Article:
The first fully offshore oil facility, which started construction in 1953, was Belmont Island, an artificial island located in 42 feet of water a mile-and-a-half off Seal Beach. That was followed in 1955 by Rincon Island, built by Atlantic Richfield Corporation, better known as ARCO. Both facilities have been decommissioned: Belmont in 2002; Rincon in 2020, after being taken over by the state and shut down in 2017. The island, off the shores of Mussel Shoals and La Conchita in Ventura County and connected to the mainland by a 2,800-foot causeway, became part of the California Coastal Sanctuary.
The 1960s saw something of a boom in California offshore oil facility construction. A new island, Esther, went up off of Huntington Beach in 1964, and another four, collectively known as THUMS (for the oil companies that built them—Texaco, Humble, Union, Mobil, and Shell) went up in 1967 off of Long Beach.
The THUMS Islands, also known as the Astronaut Islands, have the distinction of being the only fully decorated oil-drilling islands in the country. Designed to look like high-end resorts by Joseph Linesch, whose other credits include Disney World’s EPCOT and the sculpture garden at Los Angeles County Museum of Art, the islands contain 1,100 wells, churning out 46,000 barrels of oil every day.
Esther Island was later scaled back to a platform only, after a violent winter storm in March of 1983 wiped it out. The island’s 42 remaining active wells were not affected by the storm, however, and in 1990 a platform was completed over the wells to allow continued oil production.
The smaller-scale platform-style oil rigs were generally preferred anyway. Platforms named Emmy and Eva went up off of Huntington Beach in 1963 and 1964 respectively. Seven platforms with names all beginning in the letter “H” were constructed in state-controlled waters—up to three miles out—off Santa Barbara between 1960 and 1967.
Four more “H” platforms—Hogan, Houchin (A and B), and Hillhouse—were built in the federal ocean (three to 12 miles offshore) in ’67, ’68, and ’69. All remain operative. But development slowed in the 1970s after the catastrophic Santa Barbara spill, with only three platforms going up in the entire decade.
By the 1980s, the memory of the spill was far enough removed to allow a new burst of offshore oil-rig construction off the California coastline. No fewer than 14 new platforms went up in that decade, including platform Elly in 1980, the same platform responsible for the October 2021 spill. The last new platform, Heritage, went up in 1989 and went into full operation in 1993. The platform is part of ExxonMobil’s Santa Ynez unit in the Santa Barbara Channel, along with platforms Hondo and Harmony.
The Santa Ynez Unit alone produced 30,000 barrels of oil per day until 2014, but ExxonMobil was forced to shut it down in 2015 after thousands of gallons of oil leaked from a corroded pipeline and washed up on nearby beaches. But the transnational oil giant came up with plans in 2020 for a “phased restart” of Santa Ynez Unit production. In late September of 2021, those plans were set to be heard by the Santa Barbara County Planning Commission.
No new platforms have gone up since 1990, in large part due to the state moratorium on new oil drilling that went into effect in 1969, though not codified as law until 1994, and the federal moratorium in 1982. At the urging of President George W. Bush, Congress let the federal ban expire in 2008, but no new licenses were issued. President Barack Obama then put a new federal moratorium in place in 2011, only to see the ban lifted by the Trump administration in 2018.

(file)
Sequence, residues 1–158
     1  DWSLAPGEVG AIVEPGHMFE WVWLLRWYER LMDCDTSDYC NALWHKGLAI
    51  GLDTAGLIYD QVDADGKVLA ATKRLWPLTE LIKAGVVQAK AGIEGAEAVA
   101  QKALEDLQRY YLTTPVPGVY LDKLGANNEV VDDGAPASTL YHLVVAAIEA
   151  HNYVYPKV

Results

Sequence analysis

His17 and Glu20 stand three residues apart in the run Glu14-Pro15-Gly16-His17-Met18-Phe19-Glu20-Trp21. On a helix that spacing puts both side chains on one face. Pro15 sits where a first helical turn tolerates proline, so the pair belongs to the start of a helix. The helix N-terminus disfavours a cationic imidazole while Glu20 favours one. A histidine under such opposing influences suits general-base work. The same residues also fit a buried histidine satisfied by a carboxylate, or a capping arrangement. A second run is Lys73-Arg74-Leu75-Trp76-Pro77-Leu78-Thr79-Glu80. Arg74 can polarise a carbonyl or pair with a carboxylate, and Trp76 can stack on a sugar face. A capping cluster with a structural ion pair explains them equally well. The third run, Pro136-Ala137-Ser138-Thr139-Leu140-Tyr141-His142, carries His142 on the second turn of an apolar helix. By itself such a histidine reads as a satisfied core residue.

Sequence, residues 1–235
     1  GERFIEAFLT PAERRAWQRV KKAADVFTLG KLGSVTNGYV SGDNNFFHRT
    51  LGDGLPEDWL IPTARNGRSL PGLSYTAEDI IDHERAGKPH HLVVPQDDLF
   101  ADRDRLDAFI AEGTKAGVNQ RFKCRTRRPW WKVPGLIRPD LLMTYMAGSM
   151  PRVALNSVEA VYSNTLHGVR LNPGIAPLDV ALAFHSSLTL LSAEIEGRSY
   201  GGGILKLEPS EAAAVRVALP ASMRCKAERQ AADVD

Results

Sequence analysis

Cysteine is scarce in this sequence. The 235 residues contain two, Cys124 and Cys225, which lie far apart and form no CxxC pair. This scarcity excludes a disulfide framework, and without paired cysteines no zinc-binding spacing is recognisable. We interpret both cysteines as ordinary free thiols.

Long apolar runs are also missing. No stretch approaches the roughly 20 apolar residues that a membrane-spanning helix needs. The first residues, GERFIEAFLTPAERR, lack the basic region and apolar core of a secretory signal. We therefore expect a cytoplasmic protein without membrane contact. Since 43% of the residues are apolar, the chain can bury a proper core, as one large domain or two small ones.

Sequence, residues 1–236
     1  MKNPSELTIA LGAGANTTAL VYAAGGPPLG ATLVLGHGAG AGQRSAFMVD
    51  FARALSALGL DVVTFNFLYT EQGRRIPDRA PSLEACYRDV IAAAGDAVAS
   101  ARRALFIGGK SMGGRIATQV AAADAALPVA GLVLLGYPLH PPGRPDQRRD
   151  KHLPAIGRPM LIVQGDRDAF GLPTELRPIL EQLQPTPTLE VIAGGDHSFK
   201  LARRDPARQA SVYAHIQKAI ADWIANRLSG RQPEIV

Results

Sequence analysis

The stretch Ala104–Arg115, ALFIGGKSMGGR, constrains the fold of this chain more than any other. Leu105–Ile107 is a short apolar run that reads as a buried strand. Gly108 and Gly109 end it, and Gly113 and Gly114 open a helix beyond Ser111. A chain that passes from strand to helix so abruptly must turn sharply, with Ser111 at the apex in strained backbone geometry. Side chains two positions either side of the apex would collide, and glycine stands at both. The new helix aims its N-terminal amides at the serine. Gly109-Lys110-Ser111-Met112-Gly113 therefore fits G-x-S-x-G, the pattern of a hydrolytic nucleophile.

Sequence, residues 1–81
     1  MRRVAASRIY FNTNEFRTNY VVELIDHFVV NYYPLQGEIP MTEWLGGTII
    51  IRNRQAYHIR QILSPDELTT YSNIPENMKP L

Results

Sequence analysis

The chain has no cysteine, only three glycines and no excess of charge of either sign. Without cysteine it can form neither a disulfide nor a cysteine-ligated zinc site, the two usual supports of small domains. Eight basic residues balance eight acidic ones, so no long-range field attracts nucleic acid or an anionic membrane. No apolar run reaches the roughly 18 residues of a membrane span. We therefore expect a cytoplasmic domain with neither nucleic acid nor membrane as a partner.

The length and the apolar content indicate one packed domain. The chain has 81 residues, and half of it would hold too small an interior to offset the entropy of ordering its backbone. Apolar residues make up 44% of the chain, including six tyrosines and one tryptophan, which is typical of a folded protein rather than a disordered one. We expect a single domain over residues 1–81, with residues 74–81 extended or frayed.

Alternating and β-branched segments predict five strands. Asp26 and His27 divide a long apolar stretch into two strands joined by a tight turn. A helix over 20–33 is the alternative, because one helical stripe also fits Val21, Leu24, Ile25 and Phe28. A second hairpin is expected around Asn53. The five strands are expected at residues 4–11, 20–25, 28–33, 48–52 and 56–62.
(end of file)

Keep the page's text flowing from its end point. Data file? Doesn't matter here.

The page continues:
In one of his first acts as president, Joe Biden imposed a new federal moratorium in January of 2021. But in June a federal judge appointed by Donald Trump blocked Biden’s moratorium and ordered that new offshore drilling leases could again be sold in federal waters anywhere in the country. In August, the Biden administration announced that the federal government, to comply with the judge’s order, would begin selling new offshore drilling leases. But the administration continued its court case to reverse the judge’s ruling.
The lengthy and prolific history of oil-rig construction and production in California goes a long way toward explaining how oil spills are still happening along the state’s coastline more than half-a-century after the Santa Barbara spill “touched the conscience of the American people.” As of late 2021, there are 27 oil rigs off the California coast, 23 in federal waters—plus the “Astronaut Islands” which behind their Disneyesque facade still pump oil up from beneath the seabed.
Decommissioning the rigs costs money. A 2020 study for the Bureau of Safety and Environmental Enforcement by consulting firm InterAct estimated the price tag anywhere from $19 million to $189 million per platform. Decommissioning Elly and its two companion platforms, Ellen and Eureka, would run up a $215 million tab, according to the study. But critics say those estimates are pretty conservative.
The now abandoned platform Holly, built in 1966 and now called a “ghost ship” in a Los Angeles Times report, is expected to cost $350 million to take down. That’s just one platform, standing in water more shallow than Elly and its two sisters off of Huntington Beach.
There are also environmental costs to removing oil rigs. Ironically, the 27 California platforms have become highly productive habitats for marine life, home to hundreds of thousands of fish and shellfish. According to the trade publication Seafood Source, while federal rules allow conversion of decommissioned oil rigs into artificial reefs where sea creatures can thrive, California has no such “rig-to-reef” program to make it happen, and the feds require states to take over the abandoned platforms if they want to maintain them as marine habitats.
The most important reason why offshore drilling, and its attendant risk of deadly spills, still goes on today, however, is that while rigs cost a lot to decommission, they make a lot of money until the point where they need to be eliminated. Barring laws shutting them down, or natural disasters that destroy them, oil wells are kept running by their owners until they stop turning a profit.
According to a Los Angeles Times report, that can take quite a while. While far from cheap, offshore drilling can cost less and be more profitable than drilling for oil on land. A deep water well can turn a profit, according to a 2020 study by Rystad Energy, if its crude oil sells for $43 per barrel. In October 2021, light crude was going for more than $80 per barrel.